You are probably right in respect to Tennyson—for whom with all my admiration for him, I would willingly secure more exaltation, & a broader clasping of Truth. Still, it is not possible to have so much Beauty without a certain portion of Truth—the position of the Utilitarians being true in the inverse. But I think as I did, of “uses” & [‘]‘responsibilities”, & do hold that the poet is a preacher & should look to his doctrine. Perhaps Mr Tennyson will grow more solemn like the sun, as his day goes on. In the meantime we have the noble “Two Voices”…He is not a Christian poet up to this time— but let us listen & hear his next songs. He is one of God’s Singers,—whether he knows it or does not know it. (21 October 1843)

Her criticism, then, is more balanced—she indicates that, according to her view, truly great poets should strive towards religious benefit in their poetry. She also acknowledges that it is not completely fair to judge Tennyson according to Westwood’s criteria. However, her statement that Tennyson is “not a Christian poet” is certainly a criticism.

After consulting one of her other letters to her cousin John Kenyon from the same year, it appears that her concern is not with what Tennyson himself believes, but with the way he writes about it. In this letter, she defends the use of the name of Christ in poetry: “I w[oul]d rather be a Pagan whose religion was actual, earnest, continual, .. for weekdays, workdays, & songdays, .. than I would be a Christian who, from whatever motive, shrank from hearing or uttering the name of Christ out of ‘Church’. I am no fanatic—but I like truth & earnestness in all things…What pagan poet ever thought of casting his gods out of his poetry?” (25 March 1843). Essentially, her concern with Tennyson is probably that his references to Christianity tend to be vague and noncommittal, rather than proclaiming Christianity in an explicit and enthusiastic way. From this standpoint, his poetry is not explicitly Christian poetry, therefore he is not a great poet-preacher. EBB makes clear in her letter to Kenyon that she does not view poetry and religion as things that can be separated.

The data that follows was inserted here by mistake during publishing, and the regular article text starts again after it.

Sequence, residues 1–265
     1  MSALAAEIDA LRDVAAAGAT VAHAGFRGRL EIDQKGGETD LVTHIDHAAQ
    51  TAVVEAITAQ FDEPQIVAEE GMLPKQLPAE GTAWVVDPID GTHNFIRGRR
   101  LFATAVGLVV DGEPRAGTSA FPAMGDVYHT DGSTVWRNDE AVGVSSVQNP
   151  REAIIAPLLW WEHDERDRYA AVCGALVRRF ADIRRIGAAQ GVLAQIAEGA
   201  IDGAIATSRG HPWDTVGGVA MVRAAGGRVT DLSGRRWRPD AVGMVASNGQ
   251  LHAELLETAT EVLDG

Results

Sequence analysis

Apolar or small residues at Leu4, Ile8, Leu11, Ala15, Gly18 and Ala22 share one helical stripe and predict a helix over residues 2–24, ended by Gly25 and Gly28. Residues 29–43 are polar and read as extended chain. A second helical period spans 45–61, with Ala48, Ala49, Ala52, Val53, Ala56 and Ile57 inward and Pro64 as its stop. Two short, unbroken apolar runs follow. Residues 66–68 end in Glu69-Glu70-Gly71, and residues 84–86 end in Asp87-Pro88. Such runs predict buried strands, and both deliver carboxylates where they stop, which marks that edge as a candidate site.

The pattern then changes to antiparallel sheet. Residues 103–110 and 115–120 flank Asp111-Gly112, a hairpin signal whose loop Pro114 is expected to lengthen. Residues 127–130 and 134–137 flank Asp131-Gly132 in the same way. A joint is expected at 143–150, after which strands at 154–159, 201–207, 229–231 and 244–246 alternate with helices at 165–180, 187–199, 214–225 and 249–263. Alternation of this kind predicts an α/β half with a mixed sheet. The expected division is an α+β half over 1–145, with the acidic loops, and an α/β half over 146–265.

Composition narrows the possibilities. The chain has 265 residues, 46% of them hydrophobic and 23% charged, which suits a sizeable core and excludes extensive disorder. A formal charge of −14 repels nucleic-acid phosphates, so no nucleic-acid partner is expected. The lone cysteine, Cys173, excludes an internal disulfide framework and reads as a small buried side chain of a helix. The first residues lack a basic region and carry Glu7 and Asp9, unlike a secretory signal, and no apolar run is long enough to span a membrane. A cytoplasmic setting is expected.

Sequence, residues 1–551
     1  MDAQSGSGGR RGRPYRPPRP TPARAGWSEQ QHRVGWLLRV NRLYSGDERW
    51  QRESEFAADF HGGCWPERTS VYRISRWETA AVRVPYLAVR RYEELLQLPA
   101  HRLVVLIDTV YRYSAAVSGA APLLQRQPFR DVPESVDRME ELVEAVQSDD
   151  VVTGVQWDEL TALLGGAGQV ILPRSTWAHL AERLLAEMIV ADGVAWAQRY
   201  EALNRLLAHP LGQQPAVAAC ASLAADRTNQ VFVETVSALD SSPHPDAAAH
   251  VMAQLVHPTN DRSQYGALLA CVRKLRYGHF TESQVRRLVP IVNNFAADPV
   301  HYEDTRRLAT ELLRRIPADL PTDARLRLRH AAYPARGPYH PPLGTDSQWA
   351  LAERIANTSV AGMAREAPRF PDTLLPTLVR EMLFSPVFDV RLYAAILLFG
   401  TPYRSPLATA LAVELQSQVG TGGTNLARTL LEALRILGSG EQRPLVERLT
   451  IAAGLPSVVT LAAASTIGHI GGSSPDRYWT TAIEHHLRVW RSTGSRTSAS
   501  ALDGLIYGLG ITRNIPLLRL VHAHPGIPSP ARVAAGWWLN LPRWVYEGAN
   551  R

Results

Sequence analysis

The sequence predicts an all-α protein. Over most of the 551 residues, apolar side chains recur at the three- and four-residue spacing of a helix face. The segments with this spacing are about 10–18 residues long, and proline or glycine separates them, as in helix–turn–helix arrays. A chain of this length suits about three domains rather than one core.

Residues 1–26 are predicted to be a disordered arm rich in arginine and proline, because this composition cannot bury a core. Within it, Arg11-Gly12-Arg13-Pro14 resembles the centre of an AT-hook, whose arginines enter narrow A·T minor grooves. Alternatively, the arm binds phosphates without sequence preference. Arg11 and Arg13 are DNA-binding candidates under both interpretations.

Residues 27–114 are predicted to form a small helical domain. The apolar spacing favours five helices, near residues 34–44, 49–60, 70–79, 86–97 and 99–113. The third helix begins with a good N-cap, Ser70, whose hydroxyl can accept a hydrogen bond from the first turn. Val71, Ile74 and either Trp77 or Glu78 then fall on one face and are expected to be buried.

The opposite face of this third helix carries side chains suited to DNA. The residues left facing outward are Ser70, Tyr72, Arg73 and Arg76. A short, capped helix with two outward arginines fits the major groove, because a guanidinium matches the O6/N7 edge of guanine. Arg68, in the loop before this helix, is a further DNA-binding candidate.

These letters serve an important reminder that the standards by which we as modern readers evaluate texts may be drastically different from the original context in which they were read. The idea that clear Christian messages are integral to poetic excellence is pretty alien to the way we approach poetry. While EBB’s views obviously don’t speak for the whole period, they highlight the high expectations placed upon poets during the time period—they were expected not only to create excellent art, but also to provide spiritual instruction to their readers. Awareness of this dual expectation can reveal much about both the reception of Tennyson’s work, but also of the artistic choices made by EBB and Westwood in their own works.